From 4-6 May, the Asia Regional Meeting on Interventions for Impact in Essential Obstetric and Newborn Care is being held in Dhaka, Bangladesh, with an opening ceremony and optional supplementary sessions on 3 May 2012. Organized by the Government of Bangladesh, MCHIP, and the Bill & Melinda Gates Foundation-supported Oxytocin Initiative, in collaboration with Women Deliver, VSI, FIGO, and ICM, this three-day meeting will focus on postpartum hemorrhage (PPH), pre-eclampsia/ eclampsia (PE/E) and other aspects of maternal and newborn health.
For more information on the conference, click here. A live webcast begins May 4th, and related resources -- included presentations -- can be found here. Please also connect with the conference via Facebook and Twitter!
Below is the first of a series of blogs from conference attendees. Please find other blogs in the series by:
Ms. Alice Levisay on expectations of the conference,
Rae Galloway and Dr. Justine Kavle on introducing and implementing calcium supplementation to prevent pre-eclampsia,
Dr. Nuriye Hodoglugil on misoprostol use and acceptance, and
Ms. Pashtoon Azfar on the role and importance of midwives.
I’m pleased that the meeting began with a sense of “congratulations” and “well done!” as the first panel of speakers discussed substantial improvements in maternal and newborn health around the world in the last decade. The global health community has worked hard to support these improvements.
In addition to improvements in Bangladesh, we learned of efforts and results in Cambodia, Nepal and Afghanistan. But we all know that more must be done to address the causes of mortality, to improve quality, and to reach more marginalized populations. As Monir Islam of the World Health Organization (WHO) reminded us, currently an estimated 358,000 women die each year from complications of pregnancy.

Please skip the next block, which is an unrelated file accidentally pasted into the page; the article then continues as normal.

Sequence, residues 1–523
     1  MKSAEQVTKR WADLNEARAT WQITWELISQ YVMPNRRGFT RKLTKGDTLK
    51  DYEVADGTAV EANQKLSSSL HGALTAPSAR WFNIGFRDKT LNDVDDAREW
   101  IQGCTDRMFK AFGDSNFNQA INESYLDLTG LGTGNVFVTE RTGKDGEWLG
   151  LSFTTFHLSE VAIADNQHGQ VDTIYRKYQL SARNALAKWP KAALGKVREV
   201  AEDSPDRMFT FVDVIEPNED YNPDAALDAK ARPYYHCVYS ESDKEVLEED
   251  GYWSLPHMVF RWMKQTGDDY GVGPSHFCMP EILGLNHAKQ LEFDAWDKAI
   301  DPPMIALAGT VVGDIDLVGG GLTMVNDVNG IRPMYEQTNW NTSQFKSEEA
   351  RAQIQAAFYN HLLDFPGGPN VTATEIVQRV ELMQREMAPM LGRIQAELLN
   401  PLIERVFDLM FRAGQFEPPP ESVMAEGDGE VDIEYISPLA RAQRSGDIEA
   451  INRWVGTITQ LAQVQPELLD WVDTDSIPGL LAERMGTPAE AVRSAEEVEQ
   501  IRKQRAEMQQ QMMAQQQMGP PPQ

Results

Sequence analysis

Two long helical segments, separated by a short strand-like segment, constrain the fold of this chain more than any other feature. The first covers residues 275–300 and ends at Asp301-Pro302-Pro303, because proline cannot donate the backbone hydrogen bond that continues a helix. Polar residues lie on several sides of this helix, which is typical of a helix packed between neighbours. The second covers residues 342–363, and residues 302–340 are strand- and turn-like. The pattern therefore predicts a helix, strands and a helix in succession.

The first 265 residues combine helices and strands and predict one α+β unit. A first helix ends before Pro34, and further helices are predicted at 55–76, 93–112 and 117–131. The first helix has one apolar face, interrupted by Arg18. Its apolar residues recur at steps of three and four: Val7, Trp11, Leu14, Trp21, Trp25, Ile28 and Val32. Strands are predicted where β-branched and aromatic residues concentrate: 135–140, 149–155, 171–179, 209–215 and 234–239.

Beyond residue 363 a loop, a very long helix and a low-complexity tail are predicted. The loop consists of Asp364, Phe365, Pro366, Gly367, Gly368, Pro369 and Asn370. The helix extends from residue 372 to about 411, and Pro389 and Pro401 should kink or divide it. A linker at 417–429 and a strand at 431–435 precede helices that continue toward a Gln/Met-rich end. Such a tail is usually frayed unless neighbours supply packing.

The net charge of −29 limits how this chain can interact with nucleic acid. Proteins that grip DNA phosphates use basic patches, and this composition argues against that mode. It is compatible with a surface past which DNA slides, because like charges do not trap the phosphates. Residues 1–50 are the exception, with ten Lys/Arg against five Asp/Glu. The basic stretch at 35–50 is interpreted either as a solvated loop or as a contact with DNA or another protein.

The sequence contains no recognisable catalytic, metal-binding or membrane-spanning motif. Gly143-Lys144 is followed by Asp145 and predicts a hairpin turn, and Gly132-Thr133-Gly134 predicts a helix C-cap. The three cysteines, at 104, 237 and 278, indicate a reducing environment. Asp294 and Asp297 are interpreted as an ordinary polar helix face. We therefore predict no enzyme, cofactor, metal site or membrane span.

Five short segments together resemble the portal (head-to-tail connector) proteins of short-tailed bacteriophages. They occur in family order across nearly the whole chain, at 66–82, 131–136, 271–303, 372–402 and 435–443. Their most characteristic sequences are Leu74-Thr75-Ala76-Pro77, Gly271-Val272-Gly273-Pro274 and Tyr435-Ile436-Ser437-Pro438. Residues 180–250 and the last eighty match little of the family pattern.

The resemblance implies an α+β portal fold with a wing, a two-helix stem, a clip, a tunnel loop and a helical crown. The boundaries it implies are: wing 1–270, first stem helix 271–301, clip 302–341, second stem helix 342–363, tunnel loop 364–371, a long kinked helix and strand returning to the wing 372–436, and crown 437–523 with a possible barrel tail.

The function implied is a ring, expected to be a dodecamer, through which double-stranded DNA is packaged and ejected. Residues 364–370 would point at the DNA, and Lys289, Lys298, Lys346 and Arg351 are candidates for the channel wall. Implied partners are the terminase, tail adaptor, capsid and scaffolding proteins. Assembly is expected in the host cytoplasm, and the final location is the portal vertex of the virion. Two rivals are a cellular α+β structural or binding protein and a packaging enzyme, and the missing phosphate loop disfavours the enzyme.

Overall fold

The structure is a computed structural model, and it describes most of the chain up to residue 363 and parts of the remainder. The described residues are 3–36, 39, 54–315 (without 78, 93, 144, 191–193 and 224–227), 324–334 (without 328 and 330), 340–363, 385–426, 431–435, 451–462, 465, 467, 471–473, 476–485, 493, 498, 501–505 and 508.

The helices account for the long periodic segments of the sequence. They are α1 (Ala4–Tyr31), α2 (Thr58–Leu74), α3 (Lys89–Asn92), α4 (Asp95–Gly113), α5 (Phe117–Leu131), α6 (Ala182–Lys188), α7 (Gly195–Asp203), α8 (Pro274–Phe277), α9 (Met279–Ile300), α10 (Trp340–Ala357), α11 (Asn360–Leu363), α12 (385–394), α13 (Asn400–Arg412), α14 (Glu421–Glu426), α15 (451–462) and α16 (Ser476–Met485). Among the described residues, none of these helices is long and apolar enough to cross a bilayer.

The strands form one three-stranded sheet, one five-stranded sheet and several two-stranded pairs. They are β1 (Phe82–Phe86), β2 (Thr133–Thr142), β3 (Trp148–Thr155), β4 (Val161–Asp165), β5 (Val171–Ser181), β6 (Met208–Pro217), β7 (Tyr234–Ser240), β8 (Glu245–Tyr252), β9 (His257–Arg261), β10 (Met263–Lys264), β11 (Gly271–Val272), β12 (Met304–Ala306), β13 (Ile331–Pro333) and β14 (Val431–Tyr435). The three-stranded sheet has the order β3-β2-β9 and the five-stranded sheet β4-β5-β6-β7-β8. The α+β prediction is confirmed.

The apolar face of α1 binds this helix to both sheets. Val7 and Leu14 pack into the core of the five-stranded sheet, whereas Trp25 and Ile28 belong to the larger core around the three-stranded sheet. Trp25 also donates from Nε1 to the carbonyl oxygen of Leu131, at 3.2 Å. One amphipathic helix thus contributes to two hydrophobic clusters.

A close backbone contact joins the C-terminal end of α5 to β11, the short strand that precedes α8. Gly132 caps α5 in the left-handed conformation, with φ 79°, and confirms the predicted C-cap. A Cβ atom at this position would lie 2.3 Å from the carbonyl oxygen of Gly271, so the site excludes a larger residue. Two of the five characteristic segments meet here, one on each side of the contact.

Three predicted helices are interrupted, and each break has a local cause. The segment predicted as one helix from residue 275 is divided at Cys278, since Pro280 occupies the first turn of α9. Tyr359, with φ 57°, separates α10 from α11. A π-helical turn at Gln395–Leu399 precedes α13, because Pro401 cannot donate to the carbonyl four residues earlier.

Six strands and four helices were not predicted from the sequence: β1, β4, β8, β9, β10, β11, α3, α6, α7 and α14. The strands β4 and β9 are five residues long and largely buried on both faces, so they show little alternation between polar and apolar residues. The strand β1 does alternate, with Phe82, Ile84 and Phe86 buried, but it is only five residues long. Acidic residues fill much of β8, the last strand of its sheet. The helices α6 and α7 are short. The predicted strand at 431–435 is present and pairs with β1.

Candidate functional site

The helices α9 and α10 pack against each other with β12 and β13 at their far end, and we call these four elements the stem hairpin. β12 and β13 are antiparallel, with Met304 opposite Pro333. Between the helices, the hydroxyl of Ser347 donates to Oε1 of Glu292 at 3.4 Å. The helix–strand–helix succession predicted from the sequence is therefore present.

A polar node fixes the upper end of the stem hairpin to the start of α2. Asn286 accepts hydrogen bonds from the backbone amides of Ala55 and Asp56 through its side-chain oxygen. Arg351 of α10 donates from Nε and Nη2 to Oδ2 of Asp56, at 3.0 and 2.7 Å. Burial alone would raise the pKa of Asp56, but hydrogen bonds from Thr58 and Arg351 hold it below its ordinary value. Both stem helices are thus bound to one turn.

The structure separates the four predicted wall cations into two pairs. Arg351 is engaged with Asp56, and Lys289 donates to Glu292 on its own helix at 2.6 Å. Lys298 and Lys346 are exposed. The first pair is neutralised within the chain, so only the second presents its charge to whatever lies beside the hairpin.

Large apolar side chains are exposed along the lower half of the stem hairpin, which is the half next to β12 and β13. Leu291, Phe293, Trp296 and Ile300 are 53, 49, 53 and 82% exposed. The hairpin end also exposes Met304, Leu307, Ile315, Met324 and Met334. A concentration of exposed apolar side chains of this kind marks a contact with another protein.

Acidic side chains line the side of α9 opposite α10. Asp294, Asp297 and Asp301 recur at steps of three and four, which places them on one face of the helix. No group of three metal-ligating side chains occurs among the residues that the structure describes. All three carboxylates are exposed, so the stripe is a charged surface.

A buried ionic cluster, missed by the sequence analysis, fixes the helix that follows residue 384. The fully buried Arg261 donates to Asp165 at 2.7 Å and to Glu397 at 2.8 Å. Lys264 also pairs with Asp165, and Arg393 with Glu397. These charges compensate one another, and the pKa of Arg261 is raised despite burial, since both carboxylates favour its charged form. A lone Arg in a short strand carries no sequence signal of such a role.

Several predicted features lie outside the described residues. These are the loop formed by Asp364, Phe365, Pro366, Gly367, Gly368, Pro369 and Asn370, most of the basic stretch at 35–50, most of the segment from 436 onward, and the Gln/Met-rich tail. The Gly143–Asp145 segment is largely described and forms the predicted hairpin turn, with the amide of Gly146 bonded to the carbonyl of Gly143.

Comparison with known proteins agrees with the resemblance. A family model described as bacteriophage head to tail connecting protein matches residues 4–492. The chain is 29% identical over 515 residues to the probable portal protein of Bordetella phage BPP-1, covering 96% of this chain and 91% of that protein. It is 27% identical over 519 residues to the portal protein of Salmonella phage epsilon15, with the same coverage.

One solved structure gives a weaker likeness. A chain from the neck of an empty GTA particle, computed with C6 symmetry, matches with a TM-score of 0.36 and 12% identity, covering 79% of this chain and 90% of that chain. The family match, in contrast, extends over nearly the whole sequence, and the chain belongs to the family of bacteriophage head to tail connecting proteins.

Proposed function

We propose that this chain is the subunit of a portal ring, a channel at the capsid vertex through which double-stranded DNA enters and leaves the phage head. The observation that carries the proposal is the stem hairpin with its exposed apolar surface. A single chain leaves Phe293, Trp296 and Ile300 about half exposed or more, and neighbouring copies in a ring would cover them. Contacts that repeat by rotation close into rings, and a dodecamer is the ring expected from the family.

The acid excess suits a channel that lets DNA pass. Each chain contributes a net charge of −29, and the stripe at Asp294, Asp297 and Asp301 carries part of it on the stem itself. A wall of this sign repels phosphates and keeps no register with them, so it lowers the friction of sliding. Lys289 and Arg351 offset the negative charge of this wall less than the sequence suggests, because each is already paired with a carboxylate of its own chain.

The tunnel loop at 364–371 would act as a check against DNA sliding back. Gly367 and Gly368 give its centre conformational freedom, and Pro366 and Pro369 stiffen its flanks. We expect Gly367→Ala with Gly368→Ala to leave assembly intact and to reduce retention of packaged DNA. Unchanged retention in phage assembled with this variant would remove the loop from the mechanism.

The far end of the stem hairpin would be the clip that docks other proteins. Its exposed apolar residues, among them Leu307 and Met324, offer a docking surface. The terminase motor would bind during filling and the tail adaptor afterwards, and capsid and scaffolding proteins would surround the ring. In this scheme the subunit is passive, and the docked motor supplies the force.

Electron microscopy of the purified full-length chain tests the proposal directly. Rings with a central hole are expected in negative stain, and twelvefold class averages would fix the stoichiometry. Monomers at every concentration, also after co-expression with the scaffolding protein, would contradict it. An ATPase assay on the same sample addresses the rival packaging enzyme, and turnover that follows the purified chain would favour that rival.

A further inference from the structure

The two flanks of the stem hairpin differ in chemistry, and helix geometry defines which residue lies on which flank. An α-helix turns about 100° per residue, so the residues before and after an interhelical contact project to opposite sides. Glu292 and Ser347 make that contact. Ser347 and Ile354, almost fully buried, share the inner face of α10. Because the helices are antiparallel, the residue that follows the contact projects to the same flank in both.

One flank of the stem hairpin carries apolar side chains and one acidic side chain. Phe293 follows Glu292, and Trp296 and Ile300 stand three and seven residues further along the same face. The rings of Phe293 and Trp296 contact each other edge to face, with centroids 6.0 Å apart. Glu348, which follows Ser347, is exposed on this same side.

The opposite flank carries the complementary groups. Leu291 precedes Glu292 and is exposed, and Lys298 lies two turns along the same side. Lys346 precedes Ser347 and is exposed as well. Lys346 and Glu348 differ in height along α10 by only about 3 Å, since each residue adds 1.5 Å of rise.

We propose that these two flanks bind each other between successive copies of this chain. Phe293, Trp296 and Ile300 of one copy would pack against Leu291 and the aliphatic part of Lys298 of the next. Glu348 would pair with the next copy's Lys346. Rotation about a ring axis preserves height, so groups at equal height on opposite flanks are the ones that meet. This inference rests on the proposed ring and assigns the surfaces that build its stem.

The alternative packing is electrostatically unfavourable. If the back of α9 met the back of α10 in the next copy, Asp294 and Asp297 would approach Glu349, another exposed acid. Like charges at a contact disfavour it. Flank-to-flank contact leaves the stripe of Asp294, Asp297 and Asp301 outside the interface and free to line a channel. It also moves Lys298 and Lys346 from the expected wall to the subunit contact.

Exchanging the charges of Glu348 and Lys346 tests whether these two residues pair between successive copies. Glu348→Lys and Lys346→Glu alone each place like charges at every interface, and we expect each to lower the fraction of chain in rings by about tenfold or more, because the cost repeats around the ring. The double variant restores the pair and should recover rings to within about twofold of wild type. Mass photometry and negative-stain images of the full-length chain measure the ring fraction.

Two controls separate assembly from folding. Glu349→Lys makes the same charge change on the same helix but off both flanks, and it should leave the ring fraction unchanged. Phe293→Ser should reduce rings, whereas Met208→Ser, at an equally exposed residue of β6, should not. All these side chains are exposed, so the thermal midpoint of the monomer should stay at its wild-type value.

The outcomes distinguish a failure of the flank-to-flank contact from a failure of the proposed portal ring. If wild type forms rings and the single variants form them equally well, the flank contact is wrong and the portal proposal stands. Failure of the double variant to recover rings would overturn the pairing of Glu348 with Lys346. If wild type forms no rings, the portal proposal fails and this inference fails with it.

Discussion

There is momentum and we need to seize it. A lot of the reduction in maternal death has come from Asia, making this Dhaka meeting all the more critical at this point in time. We must learn from the progress made by our colleagues here—including the Bangladesh government and community—and discuss together what more needs to be done. For instance, we discussed implementation of WHO’s new global guidelines on postpartum hemorrhage prevention and management. Based on evidence from both well designed clinical trials and programmatic evaluations, these guidelines reflect more of what is going on in the health service delivery system and, in some cases, simplify things.
As an example, the recommendations support what we now know as the most important component of Active Management of Third Stage Labor (AMTSL) – the administration of a uterotonic immediately after birth. Also supported is the recommendation to delay cord clamping to reduce infant anemia, thus allowing more focus on the mother and the needs of the newborn. In most cases, this allows us to put the baby on the maternal abdomen and focus on elements of immediate newborn care first.
I also welcome the recommendation to make fundal massage optional. I think we must be vigilant, must check the fundus to ensure that it is well contracted, and carefully monitor the woman postpartum. But I think it is disturbing to both the mother and the newborn if we vigorously massage the fundus, even if there is no bleeding. It is painful and it doesn’t allow the mother to focus on the newborn. I often see the mother needing to pass off the baby due to the discomfort, which disrupts that early initiation of breastfeeding.
Misoprostol fits with the recommendation to ensure that every woman is given a uterotonic immediately following birth, regardless if she delivers at home or a facility. And the experiences that were described today from Nepal and Bangladesh show us that not only can this be done, but that it can be done on a large scale. This, coupled with experiences from India and Afghanistan, among other countries, is useful for mapping the way to greater impact.
We see that the WHO recommendations support the administration of the drug at the community level by lay health workers. Where their recommendations fall short, however, is in regard to advanced distribution. The new WHO guidelines state that there is not enough evidence yet to support advanced distribution for self-administration at the moment after birth. I think it will be these large and innovative programs in Asia that will help us get that much needed evidence, and in two years’ time we will see a strong recommendation in favor of the practice.
Dr. Jeffrey Smith
MCHIP Maternal Health Team Leader